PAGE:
Shinobi arcade
Shinobi was an instant classic when released. The side-scrolling run'n gun style game featured a ninja with unlimited shuriken (throwing stars) and ninja magic. The action was tight, and the character design top-notch. All sprite animations looked realistic, from your walking, jumping, and throwing, to the enemy idle animations. The ninja magic was useful in a pinch to clear the screen of enemies and projectiles, and also did respectable damage to bosses. The game had a pace about it that was hard to imitate. You never felt like the game was impossible, or moving too fast, but it definitely moved at a quick clip.  

Master System port
When it was released for the Master System, I had to have it. I spent a good chunk of my birthday money to buy it from Toys 'R Us. Again, the basics were present in this home port. The same characters were present, the same stage design and bosses, and even the music was the same. It was all the same, yet it was not the same. The game played sluggishly. It seemed that you could only throw one shuriken on screen at a time (compared to the arcade's near rapid-fire star throwing). The jumping from lower to upper level seemed like it taxed the console, as all else stopped just for the transition to take place. The home port did feature a life bar, which made it a little easier, but you were not automatically able to use ninja magic unless a certain number of basic enemies were defeated. This also meant that you could not use ninja magic during boss battles!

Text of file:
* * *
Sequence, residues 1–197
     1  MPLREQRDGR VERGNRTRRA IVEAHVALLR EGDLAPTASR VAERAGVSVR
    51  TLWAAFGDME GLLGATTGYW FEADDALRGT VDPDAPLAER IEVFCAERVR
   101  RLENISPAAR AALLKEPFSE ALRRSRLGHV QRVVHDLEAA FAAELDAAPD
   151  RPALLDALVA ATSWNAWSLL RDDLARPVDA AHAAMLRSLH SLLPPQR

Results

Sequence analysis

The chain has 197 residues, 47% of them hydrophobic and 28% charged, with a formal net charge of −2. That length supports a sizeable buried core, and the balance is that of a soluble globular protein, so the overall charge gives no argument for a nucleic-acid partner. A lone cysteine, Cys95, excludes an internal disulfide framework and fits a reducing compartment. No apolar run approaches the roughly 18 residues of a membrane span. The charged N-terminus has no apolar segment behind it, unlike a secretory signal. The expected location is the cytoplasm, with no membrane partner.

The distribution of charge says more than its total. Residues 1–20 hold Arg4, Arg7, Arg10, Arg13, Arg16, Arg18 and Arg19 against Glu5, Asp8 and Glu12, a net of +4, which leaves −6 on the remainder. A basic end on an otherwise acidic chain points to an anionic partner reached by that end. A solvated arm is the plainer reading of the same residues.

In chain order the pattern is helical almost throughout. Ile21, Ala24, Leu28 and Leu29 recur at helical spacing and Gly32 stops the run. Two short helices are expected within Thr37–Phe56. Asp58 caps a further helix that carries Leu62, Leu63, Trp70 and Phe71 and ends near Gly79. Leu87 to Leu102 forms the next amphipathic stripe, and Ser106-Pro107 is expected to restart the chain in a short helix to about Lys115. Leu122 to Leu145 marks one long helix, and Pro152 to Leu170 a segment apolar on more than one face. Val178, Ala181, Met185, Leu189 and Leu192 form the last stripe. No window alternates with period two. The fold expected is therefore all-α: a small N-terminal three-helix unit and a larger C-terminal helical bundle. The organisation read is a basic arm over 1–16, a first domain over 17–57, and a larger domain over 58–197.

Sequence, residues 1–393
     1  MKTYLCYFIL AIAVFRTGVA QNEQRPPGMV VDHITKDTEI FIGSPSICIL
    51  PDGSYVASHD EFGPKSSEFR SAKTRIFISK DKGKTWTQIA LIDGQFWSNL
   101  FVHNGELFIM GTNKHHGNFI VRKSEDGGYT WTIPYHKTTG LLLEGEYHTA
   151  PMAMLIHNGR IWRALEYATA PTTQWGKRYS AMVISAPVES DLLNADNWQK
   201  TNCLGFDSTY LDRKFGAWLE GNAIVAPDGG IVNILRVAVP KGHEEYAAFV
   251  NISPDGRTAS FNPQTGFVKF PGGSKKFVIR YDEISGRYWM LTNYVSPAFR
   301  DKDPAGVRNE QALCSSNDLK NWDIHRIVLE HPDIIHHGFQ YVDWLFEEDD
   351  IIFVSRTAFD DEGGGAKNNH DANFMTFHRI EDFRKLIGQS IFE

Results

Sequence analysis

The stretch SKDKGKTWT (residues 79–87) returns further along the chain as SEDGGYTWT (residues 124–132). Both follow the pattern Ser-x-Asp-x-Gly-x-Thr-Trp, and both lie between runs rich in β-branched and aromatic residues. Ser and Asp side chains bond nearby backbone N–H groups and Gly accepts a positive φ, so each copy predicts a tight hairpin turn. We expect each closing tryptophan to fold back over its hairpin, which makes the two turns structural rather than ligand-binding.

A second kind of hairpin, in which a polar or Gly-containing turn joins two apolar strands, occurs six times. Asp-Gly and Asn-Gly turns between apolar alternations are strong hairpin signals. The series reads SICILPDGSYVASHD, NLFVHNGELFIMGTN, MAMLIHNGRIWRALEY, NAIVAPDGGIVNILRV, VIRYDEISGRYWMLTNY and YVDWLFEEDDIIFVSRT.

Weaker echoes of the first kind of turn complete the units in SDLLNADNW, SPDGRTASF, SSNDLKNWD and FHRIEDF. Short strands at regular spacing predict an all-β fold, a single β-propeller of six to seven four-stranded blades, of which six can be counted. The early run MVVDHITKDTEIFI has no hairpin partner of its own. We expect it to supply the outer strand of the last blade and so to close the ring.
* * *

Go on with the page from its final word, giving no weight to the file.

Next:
Double Dragon arcade
Double Dragon was the first arcade game that I really remember co-op play vastly improving the experience (this is true with nearly all beat' em up games, its just more fun to play with a friend). Almost everyone has played some version of Double Dragon. The first time I played it was at my local comic book store, which had one arcade in the center of the room, and it rotated out every six months or so. The game had some wonky hit detection, the sound effects were delayed, and thee was massive slowdown with too many enemies onscreen, but I loved the game regardless. It was brutally difficult, especially when more than one Abobo appears, but once you learn the elbow smash, the game becomes manageable. In what may be a first for beat'em up games, you can attack your partner. This seemed wild at the time, but it makes sense once you get to the end.

NES port